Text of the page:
SYMP 18 - Transformations in Coupled Natural-Human Systems

Thursday, August 10, 2017: 8:00 AM-11:30 AM
Portland Blrm 252, Oregon Convention Center
Brian C. Chaffin, University of Montana
Craig R. Allen, University of Nebraska; and Ahjond Garmestani, US Environmental Protection Agency
Brian C. Chaffin, University of Montana
Transformations in coupled natural-human systems are purposeful, human-driven regime shifts from undesirable regimes to those that are potentially more desirable. The goal of transformation is to actively shift degraded ecological and coupled systems to more desirable regimes by altering the structures and processes that define the system. Examples of recent transformations include dam removal for anadromous fishery restoration and the purposeful increase in green space in urban systems to foster provisioning of ecosystem services (e.g., hydrologic and ecological processes). Research on transformation, and the governance of specific transformations, is of critical importance as society attempts to adapt to accelerating environmental change. However, research on transformations is incipient and in need of attention from a range of disciplines including ecology. In this symposium, we have gathered a group of interdisciplinary scholars, including social scientists as well as both terrestrial and aquatic ecologists, to discuss examples of transformation from across the globe. Presentations will focus on the ecological and social details of specific transformations in an attempt to generate a set of common threads across the symposium. Speakers will focus their discussions around state variable changes, the influence of cross-scale interactions, necessary shifts in governance, and management interventions pre- and post-transformation. The purpose of this symposium is to engage a broad audience of ecologists in an interdisciplinary discussion of current research on transformations as well as future research directions. Transformation poses a significant risk to the livability of coupled natural-human systems and thus requires a rigorous development of scenarios and potential futures prior to initiating transformation to a new regime. Engagement of ecologists is necessary for these conversations to be comprehensive and synergetic. Ecologists can provide research on leading indicators and other identifying features of social-ecological thresholds that are necessary to support and further develop transformations in the face of rapid environmental change.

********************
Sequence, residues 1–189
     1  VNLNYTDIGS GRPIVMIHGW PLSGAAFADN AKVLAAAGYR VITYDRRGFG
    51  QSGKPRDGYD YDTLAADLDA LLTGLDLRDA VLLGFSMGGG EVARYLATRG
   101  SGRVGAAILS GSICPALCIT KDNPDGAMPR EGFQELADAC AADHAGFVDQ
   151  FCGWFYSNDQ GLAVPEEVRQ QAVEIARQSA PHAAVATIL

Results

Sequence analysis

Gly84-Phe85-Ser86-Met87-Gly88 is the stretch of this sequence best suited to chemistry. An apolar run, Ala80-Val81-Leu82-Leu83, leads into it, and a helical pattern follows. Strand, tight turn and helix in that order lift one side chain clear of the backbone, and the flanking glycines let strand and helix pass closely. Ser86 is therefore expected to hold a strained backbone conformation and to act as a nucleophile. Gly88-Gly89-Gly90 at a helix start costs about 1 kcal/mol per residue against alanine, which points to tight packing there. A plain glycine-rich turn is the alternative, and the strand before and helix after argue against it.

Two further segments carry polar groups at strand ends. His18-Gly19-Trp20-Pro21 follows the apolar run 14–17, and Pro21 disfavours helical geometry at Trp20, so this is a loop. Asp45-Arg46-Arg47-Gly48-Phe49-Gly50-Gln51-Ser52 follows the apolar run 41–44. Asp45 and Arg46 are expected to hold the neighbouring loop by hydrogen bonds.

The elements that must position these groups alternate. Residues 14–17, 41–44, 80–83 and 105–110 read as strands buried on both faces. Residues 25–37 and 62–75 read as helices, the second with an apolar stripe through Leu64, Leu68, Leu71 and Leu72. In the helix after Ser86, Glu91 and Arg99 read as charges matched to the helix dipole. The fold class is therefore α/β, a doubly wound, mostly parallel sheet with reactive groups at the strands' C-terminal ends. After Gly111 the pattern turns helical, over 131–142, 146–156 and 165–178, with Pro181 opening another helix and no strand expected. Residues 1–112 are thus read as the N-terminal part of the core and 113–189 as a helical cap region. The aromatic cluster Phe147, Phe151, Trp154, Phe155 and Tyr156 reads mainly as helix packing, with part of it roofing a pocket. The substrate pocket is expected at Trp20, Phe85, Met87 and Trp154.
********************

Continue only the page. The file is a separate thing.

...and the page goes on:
8:30 AM Cancelled
 Transformative capacity in the Anthropocene: Three strategic imperatives for understanding large-scale systemic change towards sustainability
Per Olsson, Stockholm Resilience Center; Michele-Lee Moore, Stockholm Resilience Centre; Dan McCarthy, University of Waterloo; Frances Westley, University of Waterloo
9:30 AM
10:10 AM
 From green revolution to green evolution: Transformation of modern agriculture
Alexander K. Fremier, Washington State University; Line Gordon, Stockholm University; Elin Enfors Kautsky, Stockholm University; Reinette O. Biggs, Stellenbosch University; Maja Schl├╝ter, Stockholm University; Fabrice DeClerck, Bioversity International
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